[XML-SIG] Big Bug? (was:Pretty-printing DOM trees)
Sun, 24 Jan 1999 04:41:14 -0800 (PST)
On Sun, 24 Jan 1999, Christian Tismer wrote:
> Well, I agree. It should not encourage bad authoring.
> But I, as a complete newbie to a SIG which is very evolving,
> was kind of struggling with a lot of code, many parsers, and so
> on. I think, others will get into at least as much trouble
> as I had.
Well, that was simply because the errors weren't reported properly. That
can be fixed.
> Furthermore, the file which I wanted to inspect wasn't mine.
> What should I do if I'm confronted with foreign XML files
> which have some flaws, and the parser doesn't make it through
> it. The argument is fine for me, but in this case I have
> no chance.
Push back against where the file came from. What if somebody sent you a
bad executable? Do you try to correct it? What if they send a bad MSFT
Word file? Do you try to correct it? Makefiles with spaces instead of
tabs? crontab files with a missing column? etc. etc.
Well, the same for XML. If it is bad, then you ask for a correct one. Why
should XML be any different than the multitude of documents that you deal
with every day?
> For my custom work, it would be best to have a parser which
> *does* complain about an error, but also repairs easy cases
> like this. This gives me a chance to work with the file,
> inspect it and complain to my customer.
> This is easy after all since I now know enough of
> the XML package and can help myself.
By default, it should not correct it. That simply continues to encourage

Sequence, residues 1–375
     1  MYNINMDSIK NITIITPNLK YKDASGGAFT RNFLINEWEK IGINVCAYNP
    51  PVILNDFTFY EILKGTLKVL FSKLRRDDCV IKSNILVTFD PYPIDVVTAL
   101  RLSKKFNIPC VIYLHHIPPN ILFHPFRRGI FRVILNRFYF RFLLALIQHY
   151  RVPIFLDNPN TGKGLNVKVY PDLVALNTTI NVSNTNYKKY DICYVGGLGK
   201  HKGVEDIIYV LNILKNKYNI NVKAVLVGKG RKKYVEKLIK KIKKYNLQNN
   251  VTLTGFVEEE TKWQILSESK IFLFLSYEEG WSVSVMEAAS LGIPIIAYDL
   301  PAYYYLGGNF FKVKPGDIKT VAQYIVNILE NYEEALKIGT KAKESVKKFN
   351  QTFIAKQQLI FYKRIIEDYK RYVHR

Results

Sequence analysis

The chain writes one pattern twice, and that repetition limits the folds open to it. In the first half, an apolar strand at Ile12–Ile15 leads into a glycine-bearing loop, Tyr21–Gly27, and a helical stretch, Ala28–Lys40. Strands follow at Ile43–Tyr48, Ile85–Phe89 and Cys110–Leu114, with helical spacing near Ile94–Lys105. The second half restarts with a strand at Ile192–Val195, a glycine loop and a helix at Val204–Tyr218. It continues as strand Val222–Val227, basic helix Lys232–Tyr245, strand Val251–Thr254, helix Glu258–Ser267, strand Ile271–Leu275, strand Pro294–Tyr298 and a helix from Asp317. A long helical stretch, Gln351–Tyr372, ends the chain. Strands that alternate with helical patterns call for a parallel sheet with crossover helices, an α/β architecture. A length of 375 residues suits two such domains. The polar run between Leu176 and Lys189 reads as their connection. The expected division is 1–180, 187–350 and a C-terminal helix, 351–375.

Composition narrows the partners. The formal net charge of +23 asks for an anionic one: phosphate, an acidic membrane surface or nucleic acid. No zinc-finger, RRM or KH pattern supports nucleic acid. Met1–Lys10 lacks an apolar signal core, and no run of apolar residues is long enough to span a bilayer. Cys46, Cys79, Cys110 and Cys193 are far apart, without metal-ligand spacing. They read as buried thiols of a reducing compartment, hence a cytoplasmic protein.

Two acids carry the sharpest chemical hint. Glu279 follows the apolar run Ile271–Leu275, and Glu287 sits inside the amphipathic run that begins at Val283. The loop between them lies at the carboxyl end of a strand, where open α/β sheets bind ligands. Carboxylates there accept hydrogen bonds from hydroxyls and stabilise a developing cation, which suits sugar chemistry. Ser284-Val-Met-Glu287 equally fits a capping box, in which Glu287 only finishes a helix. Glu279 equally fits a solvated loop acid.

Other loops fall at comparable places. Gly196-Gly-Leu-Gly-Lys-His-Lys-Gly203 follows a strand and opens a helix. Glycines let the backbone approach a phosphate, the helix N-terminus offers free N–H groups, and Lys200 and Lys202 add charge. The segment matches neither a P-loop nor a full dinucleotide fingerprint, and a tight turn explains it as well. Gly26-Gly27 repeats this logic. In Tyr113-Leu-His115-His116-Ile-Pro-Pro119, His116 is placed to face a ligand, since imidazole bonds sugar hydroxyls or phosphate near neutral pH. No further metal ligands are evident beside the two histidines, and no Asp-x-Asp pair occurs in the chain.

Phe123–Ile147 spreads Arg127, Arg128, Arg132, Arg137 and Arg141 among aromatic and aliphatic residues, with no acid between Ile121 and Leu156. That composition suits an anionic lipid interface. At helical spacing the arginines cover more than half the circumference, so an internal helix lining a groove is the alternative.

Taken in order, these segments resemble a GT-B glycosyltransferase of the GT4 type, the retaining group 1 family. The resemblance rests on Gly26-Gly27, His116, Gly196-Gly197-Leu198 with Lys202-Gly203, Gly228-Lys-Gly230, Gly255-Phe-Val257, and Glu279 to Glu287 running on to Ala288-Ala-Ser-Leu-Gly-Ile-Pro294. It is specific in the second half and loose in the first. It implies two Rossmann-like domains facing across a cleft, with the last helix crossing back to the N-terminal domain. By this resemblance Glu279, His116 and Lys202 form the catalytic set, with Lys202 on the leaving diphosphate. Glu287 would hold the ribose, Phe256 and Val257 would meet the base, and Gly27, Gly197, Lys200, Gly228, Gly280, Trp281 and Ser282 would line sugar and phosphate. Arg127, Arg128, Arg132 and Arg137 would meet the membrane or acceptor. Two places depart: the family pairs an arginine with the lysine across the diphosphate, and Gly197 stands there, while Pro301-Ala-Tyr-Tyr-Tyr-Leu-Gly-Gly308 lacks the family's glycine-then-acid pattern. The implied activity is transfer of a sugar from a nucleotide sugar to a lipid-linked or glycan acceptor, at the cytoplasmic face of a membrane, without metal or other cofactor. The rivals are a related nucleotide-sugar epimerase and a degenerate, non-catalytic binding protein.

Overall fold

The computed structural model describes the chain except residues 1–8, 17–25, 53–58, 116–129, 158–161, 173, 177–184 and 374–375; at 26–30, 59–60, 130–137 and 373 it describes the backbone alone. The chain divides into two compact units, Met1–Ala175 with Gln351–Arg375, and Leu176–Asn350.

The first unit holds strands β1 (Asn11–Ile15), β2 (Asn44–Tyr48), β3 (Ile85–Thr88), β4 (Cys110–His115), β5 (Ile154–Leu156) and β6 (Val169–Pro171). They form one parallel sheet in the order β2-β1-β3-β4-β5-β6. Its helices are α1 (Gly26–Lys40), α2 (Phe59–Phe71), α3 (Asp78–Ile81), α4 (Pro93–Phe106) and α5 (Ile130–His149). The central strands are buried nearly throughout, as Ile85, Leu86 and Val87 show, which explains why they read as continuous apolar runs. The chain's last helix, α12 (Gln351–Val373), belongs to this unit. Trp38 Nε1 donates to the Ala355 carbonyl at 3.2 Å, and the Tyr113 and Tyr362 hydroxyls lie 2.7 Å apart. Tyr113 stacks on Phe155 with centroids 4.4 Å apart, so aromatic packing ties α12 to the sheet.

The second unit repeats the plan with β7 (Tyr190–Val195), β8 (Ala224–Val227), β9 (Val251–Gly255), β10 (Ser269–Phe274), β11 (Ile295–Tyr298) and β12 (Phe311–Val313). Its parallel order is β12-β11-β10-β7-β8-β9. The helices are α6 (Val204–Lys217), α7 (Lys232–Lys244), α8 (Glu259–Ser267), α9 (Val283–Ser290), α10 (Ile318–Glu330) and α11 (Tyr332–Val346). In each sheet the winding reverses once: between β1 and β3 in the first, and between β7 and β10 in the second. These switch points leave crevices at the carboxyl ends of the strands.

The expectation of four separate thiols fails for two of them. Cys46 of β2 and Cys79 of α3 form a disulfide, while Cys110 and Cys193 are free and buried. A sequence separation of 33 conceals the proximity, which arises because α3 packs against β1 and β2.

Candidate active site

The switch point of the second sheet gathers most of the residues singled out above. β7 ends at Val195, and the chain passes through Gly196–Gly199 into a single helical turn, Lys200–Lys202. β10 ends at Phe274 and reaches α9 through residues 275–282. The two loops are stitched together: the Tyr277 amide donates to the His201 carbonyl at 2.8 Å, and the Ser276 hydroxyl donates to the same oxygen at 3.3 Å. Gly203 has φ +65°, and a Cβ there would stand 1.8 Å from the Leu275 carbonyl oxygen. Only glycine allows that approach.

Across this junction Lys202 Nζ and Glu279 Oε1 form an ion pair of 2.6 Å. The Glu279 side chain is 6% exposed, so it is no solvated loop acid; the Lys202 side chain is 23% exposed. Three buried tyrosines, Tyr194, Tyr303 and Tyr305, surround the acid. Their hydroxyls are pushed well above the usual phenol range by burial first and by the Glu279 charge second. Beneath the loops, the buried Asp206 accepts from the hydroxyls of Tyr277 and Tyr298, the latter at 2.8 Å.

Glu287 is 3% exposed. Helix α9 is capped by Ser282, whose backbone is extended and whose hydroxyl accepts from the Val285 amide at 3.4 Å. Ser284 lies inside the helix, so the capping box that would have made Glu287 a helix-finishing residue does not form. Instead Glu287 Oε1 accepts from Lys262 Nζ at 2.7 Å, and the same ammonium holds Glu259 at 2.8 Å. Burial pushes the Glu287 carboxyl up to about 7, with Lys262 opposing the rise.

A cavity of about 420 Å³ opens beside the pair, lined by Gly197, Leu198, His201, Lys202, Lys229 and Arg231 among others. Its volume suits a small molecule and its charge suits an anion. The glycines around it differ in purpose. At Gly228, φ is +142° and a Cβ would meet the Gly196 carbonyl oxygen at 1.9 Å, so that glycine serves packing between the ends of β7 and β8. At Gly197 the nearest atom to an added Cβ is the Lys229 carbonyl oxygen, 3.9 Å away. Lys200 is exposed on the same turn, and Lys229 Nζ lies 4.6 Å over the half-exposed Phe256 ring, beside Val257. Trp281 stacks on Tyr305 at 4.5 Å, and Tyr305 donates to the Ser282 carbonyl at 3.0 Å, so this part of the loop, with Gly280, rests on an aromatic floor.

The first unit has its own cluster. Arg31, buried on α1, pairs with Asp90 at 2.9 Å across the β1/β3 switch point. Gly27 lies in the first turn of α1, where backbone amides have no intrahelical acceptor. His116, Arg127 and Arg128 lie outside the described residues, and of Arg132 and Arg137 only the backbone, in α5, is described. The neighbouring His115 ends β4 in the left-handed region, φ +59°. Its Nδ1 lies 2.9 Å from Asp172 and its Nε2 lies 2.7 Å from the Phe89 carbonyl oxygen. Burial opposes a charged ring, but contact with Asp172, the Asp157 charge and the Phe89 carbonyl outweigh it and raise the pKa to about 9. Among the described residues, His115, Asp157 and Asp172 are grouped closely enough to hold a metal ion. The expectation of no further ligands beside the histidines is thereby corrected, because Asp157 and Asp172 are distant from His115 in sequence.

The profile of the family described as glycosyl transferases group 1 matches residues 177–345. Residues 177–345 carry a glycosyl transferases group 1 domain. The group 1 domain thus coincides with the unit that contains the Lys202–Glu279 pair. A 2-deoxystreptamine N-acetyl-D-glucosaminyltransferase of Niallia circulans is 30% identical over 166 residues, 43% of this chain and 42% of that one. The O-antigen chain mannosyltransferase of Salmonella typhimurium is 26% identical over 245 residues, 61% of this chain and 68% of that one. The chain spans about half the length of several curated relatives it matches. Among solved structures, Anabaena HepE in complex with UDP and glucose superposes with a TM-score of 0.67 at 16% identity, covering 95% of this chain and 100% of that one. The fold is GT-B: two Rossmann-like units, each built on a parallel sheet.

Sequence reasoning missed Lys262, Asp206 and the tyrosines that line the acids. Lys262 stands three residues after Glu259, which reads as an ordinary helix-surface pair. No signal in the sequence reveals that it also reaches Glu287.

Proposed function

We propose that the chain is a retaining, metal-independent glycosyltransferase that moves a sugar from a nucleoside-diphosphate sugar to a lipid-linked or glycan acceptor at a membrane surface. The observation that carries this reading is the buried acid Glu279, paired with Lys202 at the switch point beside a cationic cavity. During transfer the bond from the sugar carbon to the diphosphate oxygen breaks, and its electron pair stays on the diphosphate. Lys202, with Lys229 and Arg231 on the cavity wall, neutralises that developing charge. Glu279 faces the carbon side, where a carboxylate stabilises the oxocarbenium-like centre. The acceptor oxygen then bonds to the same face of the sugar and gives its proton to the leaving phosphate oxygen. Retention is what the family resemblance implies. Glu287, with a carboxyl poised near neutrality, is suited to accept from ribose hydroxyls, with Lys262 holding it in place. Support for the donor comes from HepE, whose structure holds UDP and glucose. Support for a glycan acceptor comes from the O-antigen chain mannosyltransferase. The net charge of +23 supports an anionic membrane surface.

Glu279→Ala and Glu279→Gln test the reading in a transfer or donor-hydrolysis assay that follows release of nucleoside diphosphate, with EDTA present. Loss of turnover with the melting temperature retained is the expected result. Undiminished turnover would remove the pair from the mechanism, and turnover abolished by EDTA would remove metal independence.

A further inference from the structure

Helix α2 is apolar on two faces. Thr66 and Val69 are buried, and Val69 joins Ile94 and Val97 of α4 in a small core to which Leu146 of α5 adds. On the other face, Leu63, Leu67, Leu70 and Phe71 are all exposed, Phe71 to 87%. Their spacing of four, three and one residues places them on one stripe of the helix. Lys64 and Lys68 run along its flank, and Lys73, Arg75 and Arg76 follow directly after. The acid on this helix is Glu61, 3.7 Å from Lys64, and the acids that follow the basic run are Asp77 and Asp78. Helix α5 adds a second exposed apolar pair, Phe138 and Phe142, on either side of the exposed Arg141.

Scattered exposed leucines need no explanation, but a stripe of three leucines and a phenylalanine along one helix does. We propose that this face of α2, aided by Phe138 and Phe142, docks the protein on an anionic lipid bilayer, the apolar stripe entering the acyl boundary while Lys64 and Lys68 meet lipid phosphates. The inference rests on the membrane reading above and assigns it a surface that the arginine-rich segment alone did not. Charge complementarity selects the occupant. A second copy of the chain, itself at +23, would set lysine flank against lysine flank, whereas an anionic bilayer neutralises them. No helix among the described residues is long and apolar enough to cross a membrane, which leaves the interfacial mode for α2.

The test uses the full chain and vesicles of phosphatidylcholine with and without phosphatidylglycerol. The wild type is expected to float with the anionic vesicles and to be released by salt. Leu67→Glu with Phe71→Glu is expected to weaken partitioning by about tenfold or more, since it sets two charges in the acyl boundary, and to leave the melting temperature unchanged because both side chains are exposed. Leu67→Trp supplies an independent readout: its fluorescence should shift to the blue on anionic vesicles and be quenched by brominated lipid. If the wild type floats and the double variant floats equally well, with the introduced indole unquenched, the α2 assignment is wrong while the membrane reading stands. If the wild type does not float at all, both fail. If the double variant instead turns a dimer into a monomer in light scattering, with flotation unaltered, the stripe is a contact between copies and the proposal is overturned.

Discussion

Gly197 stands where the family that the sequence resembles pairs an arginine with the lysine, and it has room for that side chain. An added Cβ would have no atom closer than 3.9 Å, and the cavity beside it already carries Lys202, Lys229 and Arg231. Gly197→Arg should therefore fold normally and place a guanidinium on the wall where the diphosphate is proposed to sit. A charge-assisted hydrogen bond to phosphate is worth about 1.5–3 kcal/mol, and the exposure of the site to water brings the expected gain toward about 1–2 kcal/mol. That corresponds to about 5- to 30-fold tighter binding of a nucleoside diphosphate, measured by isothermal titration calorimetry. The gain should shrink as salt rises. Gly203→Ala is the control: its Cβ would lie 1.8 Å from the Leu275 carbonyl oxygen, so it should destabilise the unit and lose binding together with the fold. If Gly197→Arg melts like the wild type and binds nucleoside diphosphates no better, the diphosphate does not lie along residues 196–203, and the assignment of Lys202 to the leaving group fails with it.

poor XML authoring. As a programmer, if you want to try to auto-correct,
then okay, but I would not recommend it.
> The remaining qeustion is: How should faulty XML be handled
> at all? There are enough examples where you cannot simply
> reject the document. You need to read it.
> Does it make sense to think of a "correcting"
> parser which turns a bad document into something well-formed
> which can be inspected with an XML browser, together with
> some error-annotation tags?
No. No. No. No....
HTML is a huge mess because people started writing parsers that were
flexible and would correct things for you. Go try to write an HTML parser
that works against all the stuff out on the Internet. It is frightening
how difficult that is. There is just so much crap out there because people
said, "well, we can just correct that for them." Mismatched tags. Missing
quotes. Illegal characters. Missing close brackets. Simply crap.
With XML, the designers said, "No way. The document has to be correct, or
it gets rejected. Tough shit for the authors of bad documents."
Yes, I'm rather fascist on this one :-). I simply cannot condone or
recommend *any* allowance of flexibility in parsers. That will just lead
us back to the horrible situation that we are in now with HTML.
Greg Stein, http://www.lyra.org/